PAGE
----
Related: Why Furnace Is Not Blowing Hot Air?

The Fan Is Set to ‘On’

What it is: if your fan is blowing hot air only some times and cold air – the rest of the time, then this might be because you have your fan set to ‘on’.

How it fails: this is not a failure, it’s just a special mode that your furnace has.

The fan controls the blower and if the thing is set to ‘on’, the fan will be making the blower work 24/7. And your furnace is not heating the air all the time, right?

This means that, at some point, the blower will be pushing unheated air into the rooms. 

How to fix: simply set the fan to ‘auto’. This will make the fan work only once the furnace is on.

The Furnace Is Tripping the Limit Switch

What it is: the limit switch is a component that, basically, safeguards the whole system.

It tells the blower fan when to turn on and it detects the supply air temperature. 

How it fails: if the component ‘thinks’ that the temperature of the supply air is too hot, it will trip.

This is done to ensure that the whole system does not overheat. The limit switch will make the unit shut down until it cools. 

How to fix: surprisingly, the problem might be with your air filters. 

Clogged filters block airflow over the heat exchanger. This means that this component is going to overheat which, in its turn, causes the limit switch to trip.

Related: Why Is My Furnace Beeping?

Drain Line Blockage

What it is: this might be your cause, if you happen to have a high-efficiency American Standard furnace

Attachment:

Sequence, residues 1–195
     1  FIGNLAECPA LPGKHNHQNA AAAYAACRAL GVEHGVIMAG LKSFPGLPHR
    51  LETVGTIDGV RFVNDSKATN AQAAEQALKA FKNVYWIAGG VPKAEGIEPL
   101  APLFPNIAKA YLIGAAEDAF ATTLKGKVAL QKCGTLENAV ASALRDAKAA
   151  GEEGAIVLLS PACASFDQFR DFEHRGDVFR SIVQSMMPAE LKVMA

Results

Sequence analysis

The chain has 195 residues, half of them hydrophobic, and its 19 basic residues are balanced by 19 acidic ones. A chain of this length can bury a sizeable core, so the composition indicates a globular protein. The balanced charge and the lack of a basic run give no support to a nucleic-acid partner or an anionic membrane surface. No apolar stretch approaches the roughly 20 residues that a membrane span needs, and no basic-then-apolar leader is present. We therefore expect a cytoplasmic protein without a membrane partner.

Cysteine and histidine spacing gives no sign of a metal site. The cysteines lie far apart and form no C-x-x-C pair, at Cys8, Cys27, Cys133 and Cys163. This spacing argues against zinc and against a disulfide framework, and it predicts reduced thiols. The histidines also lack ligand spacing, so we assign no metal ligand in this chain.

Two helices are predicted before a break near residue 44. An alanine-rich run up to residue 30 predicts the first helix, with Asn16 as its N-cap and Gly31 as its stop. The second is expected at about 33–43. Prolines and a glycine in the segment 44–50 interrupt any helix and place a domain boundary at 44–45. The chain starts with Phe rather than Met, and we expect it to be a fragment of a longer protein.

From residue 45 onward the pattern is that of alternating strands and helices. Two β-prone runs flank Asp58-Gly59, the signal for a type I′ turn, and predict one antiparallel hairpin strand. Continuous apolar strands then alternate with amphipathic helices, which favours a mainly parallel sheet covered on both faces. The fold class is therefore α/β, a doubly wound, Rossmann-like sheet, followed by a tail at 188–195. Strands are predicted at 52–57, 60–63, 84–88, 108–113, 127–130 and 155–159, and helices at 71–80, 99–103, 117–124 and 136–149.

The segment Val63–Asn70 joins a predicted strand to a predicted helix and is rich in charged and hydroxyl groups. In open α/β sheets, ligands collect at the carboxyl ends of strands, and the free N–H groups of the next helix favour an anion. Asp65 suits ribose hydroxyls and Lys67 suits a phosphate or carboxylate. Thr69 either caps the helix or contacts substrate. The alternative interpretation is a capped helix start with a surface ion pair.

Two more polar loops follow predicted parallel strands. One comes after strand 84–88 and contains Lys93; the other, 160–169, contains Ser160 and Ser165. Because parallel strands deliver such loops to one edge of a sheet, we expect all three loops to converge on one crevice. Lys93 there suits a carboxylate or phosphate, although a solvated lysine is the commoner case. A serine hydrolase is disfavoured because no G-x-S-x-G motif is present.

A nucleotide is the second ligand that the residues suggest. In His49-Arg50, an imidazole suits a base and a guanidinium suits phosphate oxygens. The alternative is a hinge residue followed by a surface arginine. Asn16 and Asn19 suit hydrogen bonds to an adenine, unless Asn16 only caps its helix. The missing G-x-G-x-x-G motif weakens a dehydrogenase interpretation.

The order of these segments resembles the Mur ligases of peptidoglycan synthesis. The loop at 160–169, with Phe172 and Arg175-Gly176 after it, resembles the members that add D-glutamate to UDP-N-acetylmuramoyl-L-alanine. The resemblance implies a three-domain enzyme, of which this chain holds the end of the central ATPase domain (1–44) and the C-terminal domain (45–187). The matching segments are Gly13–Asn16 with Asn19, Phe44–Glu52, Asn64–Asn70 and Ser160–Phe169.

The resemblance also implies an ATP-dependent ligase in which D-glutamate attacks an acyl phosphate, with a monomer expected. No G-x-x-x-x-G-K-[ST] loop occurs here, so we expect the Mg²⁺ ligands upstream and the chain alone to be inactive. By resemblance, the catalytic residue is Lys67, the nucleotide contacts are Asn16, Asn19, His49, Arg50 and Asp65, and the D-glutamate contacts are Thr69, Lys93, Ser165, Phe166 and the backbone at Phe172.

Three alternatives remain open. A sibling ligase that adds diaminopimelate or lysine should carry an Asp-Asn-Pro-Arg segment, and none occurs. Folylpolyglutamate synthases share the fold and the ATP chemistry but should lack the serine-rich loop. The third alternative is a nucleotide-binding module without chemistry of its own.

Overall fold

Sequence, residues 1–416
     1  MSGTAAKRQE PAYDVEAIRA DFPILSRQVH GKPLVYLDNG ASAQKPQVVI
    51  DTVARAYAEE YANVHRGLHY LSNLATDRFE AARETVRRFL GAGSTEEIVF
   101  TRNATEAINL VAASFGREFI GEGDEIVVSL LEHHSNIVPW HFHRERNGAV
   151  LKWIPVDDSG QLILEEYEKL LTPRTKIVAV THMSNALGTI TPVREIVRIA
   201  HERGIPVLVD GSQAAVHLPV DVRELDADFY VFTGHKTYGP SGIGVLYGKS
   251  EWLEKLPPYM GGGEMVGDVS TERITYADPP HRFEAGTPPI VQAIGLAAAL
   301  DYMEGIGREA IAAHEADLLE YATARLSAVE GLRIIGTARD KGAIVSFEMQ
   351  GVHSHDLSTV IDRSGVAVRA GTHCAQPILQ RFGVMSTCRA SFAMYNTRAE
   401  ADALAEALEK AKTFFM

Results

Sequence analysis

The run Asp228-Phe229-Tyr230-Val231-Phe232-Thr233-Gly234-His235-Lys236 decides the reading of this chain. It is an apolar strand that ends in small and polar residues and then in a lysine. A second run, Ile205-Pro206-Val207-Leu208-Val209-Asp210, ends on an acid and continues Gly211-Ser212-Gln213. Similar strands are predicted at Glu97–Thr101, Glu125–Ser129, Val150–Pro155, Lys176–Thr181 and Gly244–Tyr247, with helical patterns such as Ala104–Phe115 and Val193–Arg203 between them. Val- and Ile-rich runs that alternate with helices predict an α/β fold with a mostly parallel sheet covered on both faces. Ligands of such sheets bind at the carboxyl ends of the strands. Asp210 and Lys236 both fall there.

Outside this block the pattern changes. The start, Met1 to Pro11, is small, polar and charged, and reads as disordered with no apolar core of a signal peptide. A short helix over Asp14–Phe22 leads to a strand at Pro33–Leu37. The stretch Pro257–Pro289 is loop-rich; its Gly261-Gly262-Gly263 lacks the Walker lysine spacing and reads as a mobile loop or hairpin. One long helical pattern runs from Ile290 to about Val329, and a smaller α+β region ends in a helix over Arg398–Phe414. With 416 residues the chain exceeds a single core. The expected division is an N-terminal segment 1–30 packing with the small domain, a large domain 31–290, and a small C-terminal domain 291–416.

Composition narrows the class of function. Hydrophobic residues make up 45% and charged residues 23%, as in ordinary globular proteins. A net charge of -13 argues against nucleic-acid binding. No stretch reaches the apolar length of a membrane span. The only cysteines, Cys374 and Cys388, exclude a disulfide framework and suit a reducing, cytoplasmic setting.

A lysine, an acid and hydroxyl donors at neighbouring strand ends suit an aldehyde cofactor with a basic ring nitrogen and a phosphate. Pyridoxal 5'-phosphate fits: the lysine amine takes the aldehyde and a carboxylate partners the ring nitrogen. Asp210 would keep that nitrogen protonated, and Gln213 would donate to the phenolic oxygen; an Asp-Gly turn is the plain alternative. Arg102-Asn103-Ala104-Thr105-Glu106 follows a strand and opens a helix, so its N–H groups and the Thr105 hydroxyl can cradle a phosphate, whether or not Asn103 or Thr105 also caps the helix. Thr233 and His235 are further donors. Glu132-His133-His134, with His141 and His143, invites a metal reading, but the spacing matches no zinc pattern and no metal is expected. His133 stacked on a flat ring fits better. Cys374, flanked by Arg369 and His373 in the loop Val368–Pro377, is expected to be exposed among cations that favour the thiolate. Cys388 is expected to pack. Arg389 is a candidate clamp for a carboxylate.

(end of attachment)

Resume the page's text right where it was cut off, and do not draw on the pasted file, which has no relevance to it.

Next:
These units create water that is then pushed out of the system through a drain line.

How it fails: the drain line might get blocked. In such a case, the water is going to return into the furnace and this will cause the overflow kill switch to shut the furnace down.

How to fix: if you have a broken condensate pump, then leave the job to a professional.

However, dust, mold, dirt, and ice can also cause such a problem. 

If there is an issue with ice, then you would have to wrap the drain line with heat tape. Otherwise, try unclogging the condensate line. 

How to Relight the Pilot Light ?

If you’re a lucky owner of an American Standard furnace with a standing pilot, then you might have to reignite the light at one point. 

  • Follow the small copper tubes that are attached to the control valve to locate the pilot light.
  • Turn off the gas control.
  • Turn the knob to the ‘pilot’ position.
  • Ignite the flame with a spark igniter (if there is one) or a simple lighter.
  • Hold the control knob for 10-20 seconds.
  • Turn the knob to the ‘on’ position.